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WHY BAGHJAN HAPPENED?

The disaster that happened in Baghjan Oil Well No 5 under Oil India Ltd in Tinsukia district

Mrinmoy Khataniar

Sentinel Digital DeskBy : Sentinel Digital Desk

  |  13 Sep 2020 2:11 AM GMT

The disaster that happened in Baghjan Oil Well No 5 under Oil India Ltd in Tinsukia district in the vicinity of Dibru Saikhowa National Park, Assam with the leakage of gas condensate followed acid rain from 27/5/20 and final blow out on 9/6/2020 followed by a raging firestorm, the fire is still continuing today bringing complete destruction to one of the fragile 25 bio-diverse hotspots of the world.

There are efforts to put out the fire that is raging there, but till now it is seen that the Oil India Ltd (OIL) is unable to control it. On the other hand, there is destruction of life, livestock, wild life habitat and property of the people of Baghjan which is an irreparable loss. The aftermath of this disaster has caught the attention of many environmentalist, citizens and students; and lot of questions were raised to fix responsibility for this disaster. But the saddest part is that the disaster happened in one of the 25 bio-diverse hotspots of the world and the loss is not only to the people of Baghjan but to our planet.

Such disasters have been happening all over the world, for e.g., the oil spill in the coast of Mauritius, oil spill in the Gulf of Mexico near the coast of Mexico and USA because of British Petroleum leading to class action suits and resultant compensation made and also deals struck. The Forest fires in Siberia, Amazon and the breakup of our very own Tropical Wetland Forest of Dehing Patkai forest in Digboi. These disasters are working as catalyst in climate change and will eventually lead to the final destruction of human species. Nature will always balance itself to survive and in that process we — humans — may get wiped out. The present pandemic of COVID-19 may be one of the ways of Nature starting its balancing act.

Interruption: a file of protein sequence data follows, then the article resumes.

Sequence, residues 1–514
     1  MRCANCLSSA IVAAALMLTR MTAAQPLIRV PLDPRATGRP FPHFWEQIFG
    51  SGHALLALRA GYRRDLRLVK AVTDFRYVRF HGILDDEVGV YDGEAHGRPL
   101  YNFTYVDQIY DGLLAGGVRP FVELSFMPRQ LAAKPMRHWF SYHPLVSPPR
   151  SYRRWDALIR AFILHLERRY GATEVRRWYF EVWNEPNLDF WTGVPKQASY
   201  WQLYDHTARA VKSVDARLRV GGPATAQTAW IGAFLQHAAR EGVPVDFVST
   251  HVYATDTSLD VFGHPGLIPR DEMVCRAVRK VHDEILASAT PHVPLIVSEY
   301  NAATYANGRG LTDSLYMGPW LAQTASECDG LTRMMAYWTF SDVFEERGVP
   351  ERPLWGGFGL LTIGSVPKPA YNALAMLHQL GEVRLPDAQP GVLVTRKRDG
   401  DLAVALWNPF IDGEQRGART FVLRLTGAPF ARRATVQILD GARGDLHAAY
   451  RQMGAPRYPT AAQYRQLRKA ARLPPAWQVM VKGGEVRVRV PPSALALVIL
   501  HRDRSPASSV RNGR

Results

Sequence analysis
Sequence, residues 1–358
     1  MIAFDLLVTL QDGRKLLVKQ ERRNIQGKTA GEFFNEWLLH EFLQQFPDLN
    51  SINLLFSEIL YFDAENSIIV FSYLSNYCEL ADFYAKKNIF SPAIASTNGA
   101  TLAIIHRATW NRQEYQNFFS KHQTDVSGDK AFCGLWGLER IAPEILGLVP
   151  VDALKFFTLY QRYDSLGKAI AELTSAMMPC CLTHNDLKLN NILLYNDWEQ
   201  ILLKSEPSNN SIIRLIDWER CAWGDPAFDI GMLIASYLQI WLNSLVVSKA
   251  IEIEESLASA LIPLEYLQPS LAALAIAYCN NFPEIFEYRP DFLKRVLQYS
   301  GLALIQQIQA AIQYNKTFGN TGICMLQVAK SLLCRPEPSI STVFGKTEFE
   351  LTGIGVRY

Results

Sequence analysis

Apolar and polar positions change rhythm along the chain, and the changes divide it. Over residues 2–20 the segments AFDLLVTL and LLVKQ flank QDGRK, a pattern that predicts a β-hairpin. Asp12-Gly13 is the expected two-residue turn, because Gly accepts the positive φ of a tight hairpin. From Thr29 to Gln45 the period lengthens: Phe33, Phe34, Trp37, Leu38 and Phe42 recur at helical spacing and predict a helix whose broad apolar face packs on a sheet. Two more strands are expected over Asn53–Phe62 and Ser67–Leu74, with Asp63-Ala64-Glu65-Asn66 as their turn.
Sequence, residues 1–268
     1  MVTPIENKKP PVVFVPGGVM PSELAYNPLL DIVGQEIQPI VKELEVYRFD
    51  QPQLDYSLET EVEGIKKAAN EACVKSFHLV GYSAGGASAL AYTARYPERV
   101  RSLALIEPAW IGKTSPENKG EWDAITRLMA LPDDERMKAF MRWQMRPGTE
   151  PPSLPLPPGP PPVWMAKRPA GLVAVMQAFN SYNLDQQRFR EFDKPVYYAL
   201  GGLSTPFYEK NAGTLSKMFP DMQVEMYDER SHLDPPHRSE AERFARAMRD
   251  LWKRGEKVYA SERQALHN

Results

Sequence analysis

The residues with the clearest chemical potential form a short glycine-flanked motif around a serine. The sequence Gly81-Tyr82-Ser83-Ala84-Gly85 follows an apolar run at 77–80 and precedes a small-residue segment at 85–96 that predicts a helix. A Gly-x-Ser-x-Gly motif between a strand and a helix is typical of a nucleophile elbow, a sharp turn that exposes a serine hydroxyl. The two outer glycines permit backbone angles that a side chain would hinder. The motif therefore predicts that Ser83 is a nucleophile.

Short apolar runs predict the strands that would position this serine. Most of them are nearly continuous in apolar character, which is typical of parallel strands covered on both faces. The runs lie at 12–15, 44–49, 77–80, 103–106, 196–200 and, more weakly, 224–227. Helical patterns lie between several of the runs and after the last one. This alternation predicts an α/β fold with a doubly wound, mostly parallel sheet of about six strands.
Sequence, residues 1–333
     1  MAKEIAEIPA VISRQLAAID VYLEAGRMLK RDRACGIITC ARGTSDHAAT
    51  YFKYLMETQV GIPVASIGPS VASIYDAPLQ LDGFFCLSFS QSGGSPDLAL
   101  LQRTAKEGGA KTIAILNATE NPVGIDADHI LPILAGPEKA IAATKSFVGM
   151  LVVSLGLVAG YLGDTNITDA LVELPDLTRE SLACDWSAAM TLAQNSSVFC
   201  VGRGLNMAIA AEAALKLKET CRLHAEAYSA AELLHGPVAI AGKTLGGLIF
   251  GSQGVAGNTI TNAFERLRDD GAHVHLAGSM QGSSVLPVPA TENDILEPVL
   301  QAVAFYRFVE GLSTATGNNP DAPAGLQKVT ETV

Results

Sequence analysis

The Dibru Forest was declared as a 'Reserve Forest' in 1890 and the additional areas were added in 1920 . In 1929, the Saikhowa Forest was declared as a 'Reserve Forest'; and again in 1933 more areas were added to the 'Dibru Reserve Forest'. In 1986, a total area of 650 sq km of the Dibru Saikhowa Reserve Forest was preliminarily declared as a 'Wildlife Sanctuary' and finally in 1995, an arae of 340 sq. km was declared as the core area of the 'Dibru-Saikhowa Wildlife Sanctuary'. In 1997, the Wildlife Sanctuary was declared as a 'Bio-Sphere Reserve'; and in 1999, the 'Dibru-Saikhowa Reserve' was declared as a 'National Park'.

The Wildlife Sanctuary was originally created to conserve the 'White-wing Wood Duck' — the State Bird of Assam among many other species of flora and fauna. The 'Wildlife Conservation Strategy-2002' provided for 10-km zone and in some cases beyond the 10-km zone as the 'Eco-Sensitive Zone' (ESZ).

The Notification of 9/2/11 of the 'Ministry of Forest Environment and Climate Change' categorised three zones under the 'Eco-Sensitive Zone': (i) Prohibited; (ii) Restricted; (iii) Permissible with safeguards; and Industries creating pollution are totally prohibited. But later on, the concept of ESZ being limited to the 10-km zone was diluted and made case specific — meaning thereby that the ESZ varied according to location and sites involved. However, the Supreme Court held that mining activities are prohibited within 1 km of the 'Prohibited Areas' or 'ESZ'. The main purpose of creation of the ESZ is to create a buffer zone or shock absorbers to protect the wildlife habitat, Wildlife Sanctuary and National Parks from ill effects of anthropogenic activities and give impetus to eco-centric activities.

As per guidelines of the Union Government Environment Ministry in 2011, the ESZ were to be defined and the State Governments take a call in delineating the ESZ boundaries which are then cleared and notified by the Central Government.